Reading Notes from The Poets of the Powers by Kamil V. Zvelebil
I’ve been diving deep into yoga history by reading. One book I recently read, The Poets of the Powers: Magic, Freedom, and Renewal by Kamil V. Zvelebel, has translations of Tamil Siddha poetry. It’s a thin volume, only 144 pages with footnotes included, so it was a good introduction to this group of yoga practitioners I had only heard of in passing before.
Tamil is one of the languages in South India and refers also to the culture of the people who speak the language. The Tamil Siddha school of thought is a branch of tantric yoga, with a distinct character of social radicalism and an emphasis on magical powers. A distinction of tantric yoga is the belief that liberation is possible in your human body and not just at death, which lead to technique of yoga to ensure a healthy body. The body is the seat of the experience of liberation. If your body was weak, in pain, or unbalanced, how could you experience bliss or become liberated?
What is the sign of absolute and true liberation?
The physical body aglow with the Fire of Immortality.
(Uroma risi nanam 12) p. 58
Even though Zvelebel says that the first Tamil Siddha poet was active between the seventh and eleventh centuries, it would be a mistake to think Tamil Siddhas were only active in medieval India. Zvelebel claims that the Siddha doctrines are still a vital undercurrent in modern-day South India albeit hidden from public view.
Written in an intentionally enigmatic language, where words embody multiple meanings, the Tamil Siddha poems can be mystical or vulgar and direct. For example, Civavakkiyar who was writing immediately before the tenth century wrote (p. 87):
Why, you fool,
do you utter mantras,
murmuring them, whispering,
going around the fixed stone
as if it were God,
putting garlands of flowers around it?
Will the fixed stone speak–
as if the Lord were within?
Will the cooking vessel,
or the wooden ladle,
know the taste of curry?
The misogynist language in some of the Siddha poems really bothered me. All of the poets translated in the book were men, and women, specifically the bodies of women, were temptations for them.
WARNING WARNING: Easily offended sensibilities, please stop reading now.
Pattinattar wrote (pp. 99-100):
Their mouth smells of flesh.
Their hairy mess is smelly.
The pus in the blackened eyes smells
and their limbs stink of their discharge.
The chasm of the vulva stinks.
Should my mind be attached
to these women
who smell of their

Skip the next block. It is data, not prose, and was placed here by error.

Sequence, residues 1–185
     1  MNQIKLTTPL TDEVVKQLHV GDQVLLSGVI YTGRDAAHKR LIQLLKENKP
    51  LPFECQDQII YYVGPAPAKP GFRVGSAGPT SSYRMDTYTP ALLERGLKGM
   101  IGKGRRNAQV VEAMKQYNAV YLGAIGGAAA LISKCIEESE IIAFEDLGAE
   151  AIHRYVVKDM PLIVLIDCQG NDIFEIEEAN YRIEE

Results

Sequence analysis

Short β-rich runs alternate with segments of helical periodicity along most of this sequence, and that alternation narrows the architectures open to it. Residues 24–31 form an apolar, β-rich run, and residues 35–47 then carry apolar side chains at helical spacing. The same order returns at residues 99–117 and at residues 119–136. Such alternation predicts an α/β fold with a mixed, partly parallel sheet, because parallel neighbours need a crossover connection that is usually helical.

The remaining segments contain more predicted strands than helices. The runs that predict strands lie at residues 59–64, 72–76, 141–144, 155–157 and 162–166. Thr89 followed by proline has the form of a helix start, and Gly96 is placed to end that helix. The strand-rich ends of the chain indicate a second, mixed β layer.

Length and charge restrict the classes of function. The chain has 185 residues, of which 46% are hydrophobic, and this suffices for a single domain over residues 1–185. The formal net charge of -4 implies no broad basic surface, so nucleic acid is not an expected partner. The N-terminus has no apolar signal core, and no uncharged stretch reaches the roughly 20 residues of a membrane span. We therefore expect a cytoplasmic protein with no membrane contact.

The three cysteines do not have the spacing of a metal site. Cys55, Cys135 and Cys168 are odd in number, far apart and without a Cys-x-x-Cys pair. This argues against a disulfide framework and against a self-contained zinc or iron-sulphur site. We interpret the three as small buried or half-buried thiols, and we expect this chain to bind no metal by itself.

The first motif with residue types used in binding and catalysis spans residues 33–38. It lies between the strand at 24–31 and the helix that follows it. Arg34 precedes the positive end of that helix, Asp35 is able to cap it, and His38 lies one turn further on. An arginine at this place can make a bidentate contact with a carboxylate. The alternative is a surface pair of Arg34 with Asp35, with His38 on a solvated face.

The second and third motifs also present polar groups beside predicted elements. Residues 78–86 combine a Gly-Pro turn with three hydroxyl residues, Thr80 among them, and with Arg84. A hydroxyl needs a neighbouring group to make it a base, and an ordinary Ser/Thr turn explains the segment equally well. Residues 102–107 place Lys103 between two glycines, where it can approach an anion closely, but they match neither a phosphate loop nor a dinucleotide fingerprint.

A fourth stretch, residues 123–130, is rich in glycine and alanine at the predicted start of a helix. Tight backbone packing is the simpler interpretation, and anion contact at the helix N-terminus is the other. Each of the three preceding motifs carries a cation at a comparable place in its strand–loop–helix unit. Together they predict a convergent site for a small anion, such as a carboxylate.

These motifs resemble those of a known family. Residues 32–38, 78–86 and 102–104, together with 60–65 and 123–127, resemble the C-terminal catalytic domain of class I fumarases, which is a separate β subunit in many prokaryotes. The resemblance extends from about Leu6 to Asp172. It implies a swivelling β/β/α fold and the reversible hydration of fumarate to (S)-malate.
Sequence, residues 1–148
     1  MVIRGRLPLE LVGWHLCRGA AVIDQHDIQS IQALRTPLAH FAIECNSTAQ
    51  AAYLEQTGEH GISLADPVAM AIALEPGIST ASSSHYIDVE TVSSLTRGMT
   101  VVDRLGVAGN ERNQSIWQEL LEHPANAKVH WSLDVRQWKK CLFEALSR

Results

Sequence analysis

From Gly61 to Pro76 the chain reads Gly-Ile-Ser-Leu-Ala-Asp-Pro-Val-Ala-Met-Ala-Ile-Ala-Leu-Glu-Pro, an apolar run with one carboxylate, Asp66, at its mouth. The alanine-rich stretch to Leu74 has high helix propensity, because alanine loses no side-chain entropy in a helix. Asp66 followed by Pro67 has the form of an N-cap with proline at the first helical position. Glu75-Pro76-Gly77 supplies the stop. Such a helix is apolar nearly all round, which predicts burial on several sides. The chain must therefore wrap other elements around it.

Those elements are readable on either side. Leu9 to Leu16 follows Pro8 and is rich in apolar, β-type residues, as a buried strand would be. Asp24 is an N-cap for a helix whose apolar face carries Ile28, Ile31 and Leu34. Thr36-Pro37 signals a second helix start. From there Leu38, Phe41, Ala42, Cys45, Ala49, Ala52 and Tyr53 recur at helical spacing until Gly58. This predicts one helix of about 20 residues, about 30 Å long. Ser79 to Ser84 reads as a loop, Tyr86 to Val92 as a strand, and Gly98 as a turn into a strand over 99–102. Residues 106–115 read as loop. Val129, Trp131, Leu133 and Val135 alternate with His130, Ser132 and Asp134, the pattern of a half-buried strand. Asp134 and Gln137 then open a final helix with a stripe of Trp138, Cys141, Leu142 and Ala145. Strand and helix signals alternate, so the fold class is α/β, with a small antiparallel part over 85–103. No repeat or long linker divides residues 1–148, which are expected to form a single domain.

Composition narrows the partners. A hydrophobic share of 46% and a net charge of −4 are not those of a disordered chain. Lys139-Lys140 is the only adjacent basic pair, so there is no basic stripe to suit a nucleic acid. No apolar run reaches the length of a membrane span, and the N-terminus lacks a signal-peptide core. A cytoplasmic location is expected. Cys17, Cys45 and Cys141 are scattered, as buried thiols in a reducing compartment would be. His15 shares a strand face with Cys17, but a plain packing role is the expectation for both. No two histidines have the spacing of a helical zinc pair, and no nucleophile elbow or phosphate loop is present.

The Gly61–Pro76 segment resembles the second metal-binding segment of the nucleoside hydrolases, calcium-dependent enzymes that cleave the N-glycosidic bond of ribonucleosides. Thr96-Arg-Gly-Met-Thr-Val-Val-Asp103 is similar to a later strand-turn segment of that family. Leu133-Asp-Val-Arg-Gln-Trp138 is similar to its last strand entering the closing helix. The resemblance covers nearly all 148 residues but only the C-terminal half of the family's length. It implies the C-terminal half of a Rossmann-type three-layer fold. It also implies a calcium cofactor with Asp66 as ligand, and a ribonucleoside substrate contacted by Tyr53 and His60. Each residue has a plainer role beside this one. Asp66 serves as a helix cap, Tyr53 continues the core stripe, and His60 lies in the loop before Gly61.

In the Appendix Zvelebil shares health tips from his Siddha informant in Madras in 1968 (pp. 126-127):
Hints regarding the physical and mental health
1. Eat only if hungry.
2. Never eat when tired; never eat when emotionally upset.
3. Chew your food thoroughly, well mixed with saliva.
4. Between meals, eat only fresh fruit, or fresh fruit juices.
5. Add to your daily diet great quantities of mor, i.e. yoghurt or buttermilk.
6. Always eat fresh fruits and raw vegetables, if possible.
7. Try to sleep at least eight hours daily. The best sleep is before midnight. Sleep with your window open, naked, head toward the North, the feet slightly raise.
8. Take frequent sun-baths; however, do not get too much sun at one stretch.
9. Breath deeply, rhythmically, slowly, regularly and relaxedly. Be conscious of the speed and rhythm of your breath.
10. Walk at least two hours daily.
11. Regular and frequent sexual intercourse is beneficial. However, be master, not slave of your sex-life. Oral-genital sex is not harmful; on the contrary, it is often desirable. Visualize yourself as the creative Siva, and your partner as your (i.e. Siva’s) sakti, energy. Let her lie on you, and drink your sperm; let you suck her discharge of pleasure (curatanir).
12. Never give up. Never be idle. Try to maintain always a cheerful and positive attitude. There is no harm in satisfying a desire, when the satisfaction destroys it. Do not suppress forcibly any desire. Liberation is always here and now with you. If you cannot believe in god, it does not matter. Believe in yourself, in your own existence. Find out the source from which you came.
Conclusion : The Poets of the Powers: Magic, Freedom, and Renewal is a strange little book that serves as a good introduction to the Tamil Siddhas. It’s definitely not Yoga Journal. Pick it up and connect to the roots of one subset of yoga before it became what it is today.
If you have read The Poets of the Powers, what do you think of it? Or what do my reading notes make you think? Let me know in the comment section below.
Photo credits, from top to bottom: swamysk, Natesh Ramasamy, wallyg